PHOENIX (AP/FOX 10) -- Protesters angered by a video of Phoenix officers who pointed guns and yelled obscenities at a black family they suspected of shoplifting crowded City Council chambers Wednesday to demand police reforms.
Scores of people began assembling about an hour before the regular meeting carrying signs and banners with slogans such as, "Fire the Police" and "Stop Police Brutality and Impunity."
Wednesday's City Council meeting was a regularly scheduled one, with more mundane issues on the agenda. However, members of the public had plenty to say.
It was quite the scene at Pilgrim Rest Church on Tuesday night. The lines were long and the pews were packed. The Town Hall had to start late in order to give people more time to get inside. Much of the crowd was made up of minorities, but not all. And there were a few people protesting, either wearing shirts with messages written on them and others holding signs about stopping police violence.
What they're upset about is the video that's now been seen around the world. Dravon Ames, Iesha Harper, and their children were stopped after a shoplifting report of a doll and some underwear. Phoenix Police were seen pointing guns and using forceful tactics, shouting profanities at the family. It has outraged many around the country and in this community, and today they're looking for answers.
"We are not here because of a shoplifting incident," one attendee said. "We are here because we are outraged at the conduct of Phoenix Police Officers."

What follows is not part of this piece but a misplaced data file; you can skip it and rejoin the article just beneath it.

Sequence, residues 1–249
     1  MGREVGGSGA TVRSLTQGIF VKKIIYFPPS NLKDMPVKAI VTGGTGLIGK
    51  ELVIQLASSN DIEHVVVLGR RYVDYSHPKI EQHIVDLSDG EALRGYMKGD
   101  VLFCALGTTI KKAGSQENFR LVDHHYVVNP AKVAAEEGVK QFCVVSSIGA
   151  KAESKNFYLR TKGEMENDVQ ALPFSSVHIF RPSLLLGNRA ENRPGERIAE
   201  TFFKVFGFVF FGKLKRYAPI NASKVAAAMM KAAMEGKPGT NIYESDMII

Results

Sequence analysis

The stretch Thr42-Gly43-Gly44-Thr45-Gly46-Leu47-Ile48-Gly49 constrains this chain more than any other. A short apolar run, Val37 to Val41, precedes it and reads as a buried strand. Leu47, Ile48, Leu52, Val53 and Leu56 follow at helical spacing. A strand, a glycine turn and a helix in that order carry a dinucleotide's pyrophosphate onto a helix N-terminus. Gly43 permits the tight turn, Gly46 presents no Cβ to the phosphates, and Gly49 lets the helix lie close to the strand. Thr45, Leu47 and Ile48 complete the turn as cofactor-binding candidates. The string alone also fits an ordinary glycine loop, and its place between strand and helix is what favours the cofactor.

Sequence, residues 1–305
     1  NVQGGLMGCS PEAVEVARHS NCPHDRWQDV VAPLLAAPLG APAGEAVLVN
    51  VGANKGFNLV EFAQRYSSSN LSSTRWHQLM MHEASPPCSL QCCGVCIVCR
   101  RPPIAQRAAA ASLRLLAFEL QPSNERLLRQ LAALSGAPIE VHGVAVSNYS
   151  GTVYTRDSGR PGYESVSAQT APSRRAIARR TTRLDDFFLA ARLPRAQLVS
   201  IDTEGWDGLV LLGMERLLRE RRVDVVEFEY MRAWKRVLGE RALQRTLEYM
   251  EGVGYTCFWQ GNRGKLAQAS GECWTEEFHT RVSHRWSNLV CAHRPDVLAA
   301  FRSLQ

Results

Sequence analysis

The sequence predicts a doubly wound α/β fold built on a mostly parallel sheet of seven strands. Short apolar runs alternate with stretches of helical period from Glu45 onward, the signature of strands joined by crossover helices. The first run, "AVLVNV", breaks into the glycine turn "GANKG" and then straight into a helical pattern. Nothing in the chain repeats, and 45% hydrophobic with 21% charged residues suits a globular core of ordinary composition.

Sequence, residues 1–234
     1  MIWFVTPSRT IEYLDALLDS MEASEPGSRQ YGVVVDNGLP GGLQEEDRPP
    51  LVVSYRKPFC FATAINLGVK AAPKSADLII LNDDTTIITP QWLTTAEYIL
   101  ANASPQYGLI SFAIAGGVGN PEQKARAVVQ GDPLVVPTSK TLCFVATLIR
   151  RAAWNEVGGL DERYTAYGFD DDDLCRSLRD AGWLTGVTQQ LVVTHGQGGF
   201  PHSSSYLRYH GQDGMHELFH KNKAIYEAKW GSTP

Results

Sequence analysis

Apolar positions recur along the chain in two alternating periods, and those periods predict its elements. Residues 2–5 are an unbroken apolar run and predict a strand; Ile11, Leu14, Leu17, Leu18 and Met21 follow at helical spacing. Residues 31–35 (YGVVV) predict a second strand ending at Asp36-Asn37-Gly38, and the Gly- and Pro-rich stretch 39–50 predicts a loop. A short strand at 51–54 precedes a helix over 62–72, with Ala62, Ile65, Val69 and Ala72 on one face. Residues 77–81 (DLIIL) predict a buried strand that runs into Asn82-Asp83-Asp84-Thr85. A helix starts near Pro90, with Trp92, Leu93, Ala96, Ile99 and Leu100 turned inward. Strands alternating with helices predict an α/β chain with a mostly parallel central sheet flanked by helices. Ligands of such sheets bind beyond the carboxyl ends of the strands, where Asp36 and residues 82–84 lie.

Once the City Council meeting began, speakers called on the council to fire the officers involved in the videotaped incident and to set up a board of civilians to oversee changes in police department procedures.
"You cannot pass the budget until you fire the cops," resident Jennifer Hernandez told the council, who was scheduled to discuss the city's annual spending plan. "It is our lives on the line."
The protesters shouted down City Councilman Sal DiCiccio, calling him a racist when he defended the police officers.
"You are anarchists and you are out to destroy the city," DiCiccio told the demonstrators in the audience, which was met by shouts and booing.
Ames told councilmembers that he and his family "could have lost their lives over something senseless ... over a 4-year-old taking a doll." He said it is "sad" the officers are still employed.
Ames added, "I guess our lives are worth less than a 99-cent doll."